Uefa is working to receive the necessary guarantees over fan access to Portugal before making a firm decision on where to host the Champions League final.
European football’s governing body is seeking clarity over what will happen when current international travel Covid-19 restrictions in Portugal end on Sunday, and that it may take until Thursday to receive the information it needs.
Currently travel into Portugal from other countries is only allowed in limited essential cases, which as it stands would mean Chelsea and Manchester City supporters could not attend the match on 29 May.
Uefa will also want to know how many spectators can attend the match, with Porto’s Estadio do Dragao understood to be the venue being considered.
The prospect of Wembley hosting the final is fading fast, unless the Portuguese plan hits a hitch. It is understood the British Government’s position regarding quarantine exemptions for sponsors, VIPs and broadcasters being sought by Uefa has not changed since an initial meeting on Monday morning.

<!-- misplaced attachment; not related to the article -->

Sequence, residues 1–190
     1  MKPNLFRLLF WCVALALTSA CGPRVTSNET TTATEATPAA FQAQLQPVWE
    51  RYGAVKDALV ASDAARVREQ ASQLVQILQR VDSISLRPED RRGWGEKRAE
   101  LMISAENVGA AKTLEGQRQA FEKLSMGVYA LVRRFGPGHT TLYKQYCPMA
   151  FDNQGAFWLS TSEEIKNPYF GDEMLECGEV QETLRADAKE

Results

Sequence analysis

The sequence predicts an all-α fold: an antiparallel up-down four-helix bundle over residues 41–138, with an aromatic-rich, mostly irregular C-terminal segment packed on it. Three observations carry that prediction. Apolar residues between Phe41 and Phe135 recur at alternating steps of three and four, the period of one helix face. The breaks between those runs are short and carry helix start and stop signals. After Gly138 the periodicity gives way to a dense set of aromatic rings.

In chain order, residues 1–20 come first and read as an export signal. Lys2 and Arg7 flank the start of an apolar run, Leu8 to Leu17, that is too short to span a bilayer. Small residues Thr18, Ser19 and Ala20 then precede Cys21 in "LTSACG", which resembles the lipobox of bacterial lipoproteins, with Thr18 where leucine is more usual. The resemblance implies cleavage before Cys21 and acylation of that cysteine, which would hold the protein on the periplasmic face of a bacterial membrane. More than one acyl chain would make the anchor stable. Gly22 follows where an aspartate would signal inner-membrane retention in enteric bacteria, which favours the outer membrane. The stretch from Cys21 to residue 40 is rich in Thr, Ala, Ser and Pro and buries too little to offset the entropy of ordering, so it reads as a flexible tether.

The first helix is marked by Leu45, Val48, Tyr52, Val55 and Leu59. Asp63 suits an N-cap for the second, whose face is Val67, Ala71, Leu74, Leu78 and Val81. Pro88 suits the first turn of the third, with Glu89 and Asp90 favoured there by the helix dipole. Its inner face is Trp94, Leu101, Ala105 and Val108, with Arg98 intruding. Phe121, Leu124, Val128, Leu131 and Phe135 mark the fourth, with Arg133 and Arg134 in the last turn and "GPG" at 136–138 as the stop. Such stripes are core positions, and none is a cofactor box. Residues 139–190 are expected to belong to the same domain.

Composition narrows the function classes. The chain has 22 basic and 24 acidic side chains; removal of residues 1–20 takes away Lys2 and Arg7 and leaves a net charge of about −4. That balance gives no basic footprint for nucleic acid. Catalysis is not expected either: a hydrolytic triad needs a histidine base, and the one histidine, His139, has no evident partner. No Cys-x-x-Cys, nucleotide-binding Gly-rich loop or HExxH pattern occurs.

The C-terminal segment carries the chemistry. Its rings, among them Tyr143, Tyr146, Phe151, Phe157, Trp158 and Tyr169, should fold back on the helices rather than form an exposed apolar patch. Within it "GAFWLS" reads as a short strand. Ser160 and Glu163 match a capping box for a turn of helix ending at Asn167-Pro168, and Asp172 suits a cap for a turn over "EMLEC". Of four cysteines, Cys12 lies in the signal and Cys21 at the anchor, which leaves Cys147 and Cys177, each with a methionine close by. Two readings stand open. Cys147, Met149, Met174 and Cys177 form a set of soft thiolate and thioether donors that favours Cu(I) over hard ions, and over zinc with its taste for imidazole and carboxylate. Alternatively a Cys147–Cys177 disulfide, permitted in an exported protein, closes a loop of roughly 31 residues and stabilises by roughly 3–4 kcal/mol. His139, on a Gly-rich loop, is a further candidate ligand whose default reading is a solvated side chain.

Meetings between them have been cordial, but the Government is concerned about giving the exemptions on foreign arrivals at a time when the country is trying to ease domestic lockdown restrictions.
The uncertainty over the location of the match began when the British Government placed the original host country – Turkey – on its high-risk ‘red list’ for international travel.
Transport Secretary Grant Shapps, who announced that decision last Friday, said Chelsea and Manchester City fans should not travel to Istanbul.
Chelsea Supporters’ Trust is meeting with Uefa president Aleksander Ceferin this week to discuss the matter, and its position remains that the match should be moved to the UK.
Conservative MP Steve Brine, who sits on the Digital, Culture, Media and Sport (DCMS) committee, said on Tuesday that Uefa should prioritise fans over the ‘prawn sandwich’ contingent.
“We’ve all had to make sacrifices in the last year and we’ve missed things far more important than a game of football,” he told talkSport.
“So if the game goes ahead with the fans, and without some of the officials with their prawn sandwiches, well then, for a league (Uefa) that is interested in primarily the fans, that shouldn’t be a big ask should it?”
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